Why the sus­tain­abil­ity of the eco­nomic growth is ques­tion­able

Singapore Business Review - - CONTENTS -

It may look like the Sin­ga­pore econ­omy is fi­nally pick­ing up with ex­ports show­ing ro­bust growth and GDP stay­ing well above ex­pec­ta­tions. But as far as an­a­lysts are con­cerned, there is not much rea­son to cheer as th­ese good-look­ing fig­ures are ques­tion­able. “The Mon­e­tary Au­thor­ity of Sin­ga­pore ac­knowl­edged the uptick in ex­ter­nal ac­tiv­ity in its lat­est Macroe­co­nomic Re­view and ex­pects growth in 2017 to be an­chored by trade-re­lated sec­tors, mainly driven by It-re­lated seg­ments,” says Ed­ward Lee, head of ASEAN eco­nomic re­search at Stan­dard Char­tered Bank Sin­ga­pore.

“Nev­er­the­less, the cen­tral bank also ac­knowl­edged that the pick up in man­u­fac­tur­ing ac­tiv­ity was driven pri­mar­ily by the semi­con­duc­tor and pre­ci­sion in­dus­try seg­ments, stat­ing that any re­cov­ery in the rest of the man­u­fac­tur­ing sec­tor likely re­mained patchy. We be­lieve this phe­nom­e­non re­flects a lack of broad-based de­mand be­hind the ro­bust growth num­bers. We have re­it­er­ated this view since the start of the year and re­main cau­tious about the sus­tain­abil­ity of such ro­bust per­for­mance,” he adds.

On the con­trary, Zhix­i­ang Su, an econ­o­mist at Mor­gan Stan­ley, be­lieves that there may still be eco­nomic rea­sons for Sin­ga­pore to re­sume pop­ping the cham­pagne. Po­ten­tial GDP growth, he says, could av­er­age 3% over the 2016-2030 pe­riod.

Ad­dress­ing labour force par­tic­i­pa­tion

Ac­cord­ing to Su, Mor­gan Stan­ley’s es­ti­mates are based on the fol­low­ing: they in­cor­po­rate the Pop­u­la­tion White Pa­per as­sump­tion that work­ing age pop­u­la­tion growth will slow to an av­er­age of 1.5% be­tween 2016 and 2020 and 1.0% be­tween 2020 and 2030. “How­ever, we as­sume that pol­icy ef­forts to com­bat the slow­down in im­mi­gra­tion pol­icy by lift­ing the labour force par­tic­i­pa­tion rate bear fruit. The labour force par­tic­i­pa­tion rate in­creases at a 20Y his­tor­i­cal av­er­age run-rate, tak­ing it from 67.7% in 2015 (de-trended) to 70.7% in 2030, as the higher de­pen­dency ra­tio, longer mor­tal­ity, and ris­ing re-em­ploy­ment age urge greater labour par­tic­i­pa­tion,” says Su. “This will lead growth in the work­ing pop­u­la­tion to rise by 1.8% YOY be­tween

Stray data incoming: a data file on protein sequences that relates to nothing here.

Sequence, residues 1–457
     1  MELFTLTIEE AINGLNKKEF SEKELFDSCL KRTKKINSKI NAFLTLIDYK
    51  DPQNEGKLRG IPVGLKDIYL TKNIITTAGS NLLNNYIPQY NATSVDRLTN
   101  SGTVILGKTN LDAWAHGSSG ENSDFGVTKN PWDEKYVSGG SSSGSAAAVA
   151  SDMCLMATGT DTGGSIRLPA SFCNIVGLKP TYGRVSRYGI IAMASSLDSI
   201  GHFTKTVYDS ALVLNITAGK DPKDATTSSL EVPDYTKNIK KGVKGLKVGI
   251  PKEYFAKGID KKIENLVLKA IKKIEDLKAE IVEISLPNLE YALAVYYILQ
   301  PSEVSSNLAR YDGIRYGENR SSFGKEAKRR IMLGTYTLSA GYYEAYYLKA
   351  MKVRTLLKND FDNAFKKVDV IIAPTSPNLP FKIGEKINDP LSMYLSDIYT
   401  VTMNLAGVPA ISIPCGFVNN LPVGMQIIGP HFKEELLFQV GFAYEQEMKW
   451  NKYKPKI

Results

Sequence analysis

2016 and 2020 be­fore mod­er­at­ing to 1.3% YOY be­tween 2020 and 2030 (ver­sus a 20Y av­er­age of 2.8% YOY),” he adds.

In the near term, Su adds that he sees up­side risks to his base case GDP fore­cast given how the cycli­cal re­cov­ery, driven by im­prov­ing ex­ter­nal de­mand and man­u­fac­tur­ing out­put, is play­ing out. “Our bull case GDP fore­casts for 2017/2018 are 2.3%/2.8%. Over the longer term, we think po­ten­tial GDP growth in Sin­ga­pore will av­er­age 3.0% for 2016-2030, which will still re­main at a pre­mium com­pared to other ad­vanced economies. Our medium-term po­ten­tial GDP growth es­ti­mate is in line with pol­i­cy­mak­ers’ growth tar­get as set out in the Com­mit­tee on the Fu­ture Econ­omy (CFE) re­port, which stands at 2-3% over the next decade. We elab­o­rate on our po­ten­tial GDP growth es­ti­mate be­low,” he ex­plains.

He fur­ther ex­plains that the im­prov­ing eco­nomic out­look would help drive an in­flec­tion in home prices come 2018. “Prop­erty mar­ket bears ex­pect slower pop­u­la­tion growth, an age­ing pop­u­la­tion, and a struc­tural growth slow­down to weigh on the long-term prop­erty mar­ket out­look. We dis­agree and be­lieve home prices will dou­ble by 2030,” Su adds.

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